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Old 07-26-05, 11:28 AM
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Originally Posted by doctorSpoc
i don't agree with your first statement... i think the testing is bascially bu** sh*t. riders have so many options at their finger tips to get around the tests... just by taking something they can't or aren't testing for... testing is bascially a joke.. riders get caught because they get sloppy, not because the test have any great utility in finding cheats...
So, how do you think riders are getting the same performance benefit from drugs now, as they were when they could raise their red blood cell count by %30?
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Old 07-26-05, 12:23 PM
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Originally Posted by Dolomiti
So, how do you think riders are getting the same performance benefit from drugs now, as they were when they could raise their red blood cell count by %30?
Because the money and desire to win is always stronger than the desire to catch the cheaters, The racers are always several steps ahead.

Before Epogen came around, guys were showing Hematorcrit levels between 40 to 44, then the EPO abuse started and guys were testing as high as 56% or more (Bjarne Riis)

Then the UCI put in the 50% cut off, and miraculously every one started coming in at 49% In the Pre race medical checks prior to the TdF, the average HCT is lower, around 44, but everyone knows these tests are coming, so getting the value down temporarily is easy. But HCT tests are outdated already, with the introduction of Hemoglobin based Oxygen Carriers. Or HBOC's

These latest doping methods no longer raise the hematocrit, but work by increasing the pace at which the blood releases the oxygen into the tissues. Actovegin was one of the first attempts at this, as was Pero fluro carbon or PFC (type Mauro Gianetti and PFC into google) Mauro is now Director Sportiff at Saunier Duval by the way..

PFCs, are insoluble in water but can absorb huge quantities of gases--some products can dissolve more than 100 times more oxygen per volume than blood plasma, and are biologically inert.
The capability of PFCs as an oxygen transport medium were displayed when a study showed that a rat immersed in the solution could survive for hours--it literally breathed liquid. Becuase they are inert, they are expelled unaltered through the lungs in just a few hours..But there are no breathalyzers at the finish line...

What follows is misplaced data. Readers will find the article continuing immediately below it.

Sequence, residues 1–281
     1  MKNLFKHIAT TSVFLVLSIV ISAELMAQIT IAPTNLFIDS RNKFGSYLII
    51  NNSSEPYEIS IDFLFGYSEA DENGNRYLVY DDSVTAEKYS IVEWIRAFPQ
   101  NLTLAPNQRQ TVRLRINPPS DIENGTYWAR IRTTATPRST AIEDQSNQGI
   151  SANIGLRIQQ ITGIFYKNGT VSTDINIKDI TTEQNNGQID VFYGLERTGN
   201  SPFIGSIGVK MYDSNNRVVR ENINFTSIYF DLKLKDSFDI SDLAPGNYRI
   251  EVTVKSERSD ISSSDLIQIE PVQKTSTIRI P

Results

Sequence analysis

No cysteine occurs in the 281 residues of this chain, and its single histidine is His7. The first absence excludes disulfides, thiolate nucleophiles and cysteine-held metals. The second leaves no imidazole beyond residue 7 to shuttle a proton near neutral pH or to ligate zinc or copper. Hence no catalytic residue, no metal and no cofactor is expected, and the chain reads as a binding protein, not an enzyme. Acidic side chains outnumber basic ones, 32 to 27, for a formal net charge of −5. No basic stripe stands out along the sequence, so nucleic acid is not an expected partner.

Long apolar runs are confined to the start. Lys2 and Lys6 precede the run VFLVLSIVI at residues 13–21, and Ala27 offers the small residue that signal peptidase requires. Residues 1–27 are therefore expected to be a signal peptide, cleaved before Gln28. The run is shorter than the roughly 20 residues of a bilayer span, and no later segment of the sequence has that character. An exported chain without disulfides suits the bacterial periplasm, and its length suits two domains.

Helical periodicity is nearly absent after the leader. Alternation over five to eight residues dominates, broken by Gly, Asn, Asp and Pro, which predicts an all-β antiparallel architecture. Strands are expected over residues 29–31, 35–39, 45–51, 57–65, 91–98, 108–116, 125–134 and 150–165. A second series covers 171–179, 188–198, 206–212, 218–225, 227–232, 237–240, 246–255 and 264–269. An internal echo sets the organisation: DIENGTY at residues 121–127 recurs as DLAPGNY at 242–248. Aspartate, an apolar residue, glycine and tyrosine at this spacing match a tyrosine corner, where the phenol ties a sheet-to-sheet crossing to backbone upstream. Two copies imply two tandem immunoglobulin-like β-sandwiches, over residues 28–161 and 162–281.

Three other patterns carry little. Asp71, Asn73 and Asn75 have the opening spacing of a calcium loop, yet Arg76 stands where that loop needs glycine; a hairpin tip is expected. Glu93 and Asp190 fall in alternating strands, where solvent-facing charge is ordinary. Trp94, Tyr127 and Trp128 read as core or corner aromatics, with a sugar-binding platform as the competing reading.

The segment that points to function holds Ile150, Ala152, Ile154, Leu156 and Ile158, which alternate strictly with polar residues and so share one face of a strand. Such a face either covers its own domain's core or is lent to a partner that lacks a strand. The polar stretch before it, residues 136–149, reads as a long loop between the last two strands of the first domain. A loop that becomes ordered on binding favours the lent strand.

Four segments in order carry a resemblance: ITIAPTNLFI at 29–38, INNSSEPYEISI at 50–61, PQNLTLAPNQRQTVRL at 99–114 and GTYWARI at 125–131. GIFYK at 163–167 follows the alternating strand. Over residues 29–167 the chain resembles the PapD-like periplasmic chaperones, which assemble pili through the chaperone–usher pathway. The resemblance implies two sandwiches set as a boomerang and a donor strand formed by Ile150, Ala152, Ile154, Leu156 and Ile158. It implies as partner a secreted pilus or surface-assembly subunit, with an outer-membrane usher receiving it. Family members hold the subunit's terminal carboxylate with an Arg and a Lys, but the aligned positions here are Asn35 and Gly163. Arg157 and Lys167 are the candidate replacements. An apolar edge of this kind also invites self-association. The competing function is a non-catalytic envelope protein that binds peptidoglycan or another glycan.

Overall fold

Now they use Hemopure, Oxyglobin and Hemassist, These products actually lower the Hematocrit count, as the artifical hemoglobin augments the natural. They are also impossible to detect. It's engineered from Humans and won't show up in a blood test, and passes in the urine with no recognizable metabolites. There is currently no test for them.

HBOCs are excellent oxygen transporters; typically they have 2-4 times the oxygen transport capacity of normal human hemoglobin, but also do not have as strong a chemical bond, meaning the oxygen is released easier to muscle tissues. A 1995 study of Hemopure found greater oxygen uptake and lower lactate levels when compared to a control group using the autologous transfusions (blood re-injected in the donor) that the 1984 Olympic team used.

And while EPO must be taken two weeks or more out from competition to have an appreciable effect, an HBOC is effective within minutes of injection. The only good news is that they only last about 2 days, hence the police raids on the team cars from time to time, as you would need a steady supply for a week race, or really just a a couple of bags for the hard stages.

The really sobering part of all this, is the information above is already out, so its probably outdated. I can only imagine what the current and future methods are like. The European peleton has been doped for over 100 years, I don't think thats going to change anytime soon. Clean Pro sports is a myth.
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Old 07-26-05, 12:28 PM
  #24  
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Originally Posted by Dolomiti
So, how do you think riders are getting the same performance benefit from drugs now, as they were when they could raise their red blood cell count by %30?
what riders really want to do is increase the amount oxygen that gets to their muscles. one way to do that is increasing the amount of red blood cells per volume of blood... and it seems that most riders still do maximize this... you can see how Tyler Hamilton's hematocrit was around .38 and then as he was peaking he peg it at .497 or so. buy, yeah that means is limited because you can only max out at .5 and it's an automatic 2 week suspension... plus everyone kinda know what you've been up to... what's the difference between .497 and .5... anyway that's another topic.

the other way to get more oxygen to your mucles is by putting agents in the blood that allow your plasma to carry oxygen outside of your red blood cells. that way you can pass your hematocrit test and still get your 30%+ if you do the math you'll see that Tyler got 30% just with his blood transfusions... i'm trying to think who got busted for this.. telephone conversation with a vet. what's up with these guys using all these animal products? if i remember i'll post it.
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Old 07-26-05, 01:02 PM
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actually i mixed two news stories. Frank Vandenbroucke and Jo Planckaert were named in Philippe Gaumont's (their former team mate at Confidis) book "Prisonnier du dopage" as having taken Oxyglobin...